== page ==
Chris Ferruso of the small-business group NFIB/?Ohio urged lawmakers last week not to scale back a tax break that allows those earning up to $250,000 in business income to pay zero state income tax, while also getting a 40% reduction for income over $250,000.
He said it’s inaccurate to call the pass-through tax deduction is a "giveaway to the rich" or say that Ohio’s tax system tips in favor of small business owners.
As he finished, Rep. Bob Cupp, R-Lima, told Ferruso that, according to state tax data, 86% of current filers would still pay no income tax under the House plan to roll back the deduction to $100,000.
"That may be accurate," Ferruso responded. "However, I would say what about those other 14% who are also enjoying this deduction and investing in their businesses?"
So who are those 14% earning more than $100,000 in business income who would start paying some state income tax under the House-passed, two-year state budget? Here’s what we know, per the Ohio Department of Taxation:
• Nearly all of them are among the top 10% of earners in the state, based on 2017 tax data.
• All could still deduct $100,000 from their taxable income under the House plan.
• About 87,000 filers, roughly 13% of all who took advantage of the business tax deduction, earned more than $250,000 in total taxable income, both from business and non-business sources. Nearly 40,000 earned more than a half-million dollars, and 3,227 earned more than $5 million.
• Of the nearly 44,000 filers who claimed at least $240,000 in income that qualified for the deduction, 34% do not live in the state.
• The number of out-of-state business owners and investors who avoid Ohio income tax through the deduction grows considerably as incomes get higher. Of those with $100,000 or less in business income, fewer than 5% are out of state.
• Those with $1 million in taxable business income are saving about $45,000 per year under the current system.
• A qualifying business owner with $300,000 in taxable income currently pays roughly the same amount of state income tax as someone with $60,000 in non-business income.
"We still recognize that small businesses are out there creating jobs," said Speaker Larry Householder, R-Glenford. "We were trying to get away from the exceptions we think are out there, the people who are taking advantage of it without creating jobs."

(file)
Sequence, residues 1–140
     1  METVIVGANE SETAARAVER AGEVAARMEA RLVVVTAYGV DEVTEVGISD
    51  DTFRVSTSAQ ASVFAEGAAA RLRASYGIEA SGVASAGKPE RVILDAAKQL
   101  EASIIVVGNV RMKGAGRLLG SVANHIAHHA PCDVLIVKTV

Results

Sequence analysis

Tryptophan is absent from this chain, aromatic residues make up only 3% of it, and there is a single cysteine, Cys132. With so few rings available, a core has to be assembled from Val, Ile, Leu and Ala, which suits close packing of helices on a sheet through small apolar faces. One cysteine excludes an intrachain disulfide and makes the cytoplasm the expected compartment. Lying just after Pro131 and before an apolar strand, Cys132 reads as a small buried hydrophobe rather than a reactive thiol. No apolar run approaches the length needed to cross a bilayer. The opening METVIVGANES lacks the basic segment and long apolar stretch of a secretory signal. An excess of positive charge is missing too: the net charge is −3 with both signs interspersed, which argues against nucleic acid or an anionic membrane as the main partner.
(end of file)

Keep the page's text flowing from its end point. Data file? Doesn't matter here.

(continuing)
House Democrats, nearly all of whom voted for the budget, made rolling back the business tax deduction a priority this session.
The business deduction rollback was part of a tax package that included the elimination of income taxes for those earning less than $22,250, and reducing all income tax brackets by 6.6%. For someone with $75,000 in taxable income, the new tax cut would save about $160 per year.
Eliminating the business deduction, and the special 40% tax cut on business earnings over $250,000, are generating the most controversy, equating a $528 million per year tax increase on wealthier business owners.
Dave Supelak, a CPA representing the Greater Akron Chamber of Commerce, said many in his client base would "lose substantial benefit" if the lawmakers roll back the deduction. "The proposed changes do not support positive business."
In the past, supporters have said the tax deduction allows business owners to hire more people and purchase new equipment — claims that opponents found dubious, considering at $250,000 the savings is about $10,000.
Asked last week in a House committee what businesses are doing with the money, Supelak said, "It’s difficult to say the quantity of persons that it benefits, but generally it is increasing a level of pay to current staff."
Rep. Jay Edwards, R-Nelsonville, has challenged those defending the business tax breaks, including those who say it’s for small businesses. Edwards stresses that the break goes to owners of companies regardless of size, including sole proprietors who employ no one.
Business owners can just as easily spend the savings on a family vacation as on the actual business, he said.
"I’m all about small business. I come from small business," Edwards said. "But I think it’s something we really need to revise … so it is tied to employment, tied to keeping it within the business. Right now, it’s just a free $250,000 and there’s no requirement for employees."
Rep. Gary Scherer, R-Circleville, a licensed CPA, said he was "very comfortable" reducing the business tax deduction from $250,000, though he thinks $100,000 might be too low.
"Certainly a business income deduction of some sort for pass-through entities makes very logical sense in that those businesses pay both the CAT (commercial activities tax) and personal income tax on business income, as opposed to C-corporations, which only pay the CAT."
As the Senate considers the budget, Scherer said there are other alternatives to consider. He said it could limit use of the deduction by certain service professions, such as doctors, accountants and other service providers who are major job producers, or give pass-through businesses a credit against the CAT tax.
As with all across-the-board cuts, the wealthy would see the biggest dollar benefit. Someone with $1 million in taxable income would save about $3,100, growing to a $16,000 savings for someone earning $5 million.
Wendy Patton of the liberal Policy Matters Ohio nonprofit says the House budget contains much-needed spending boosts for education and children’s services.
"But it then missed a golden opportunity to make key investments the state needs by spending the additional revenue, and more, on an ill-advised, across-the-board income-tax cut that will do little for most of the poorest Ohioans," she said.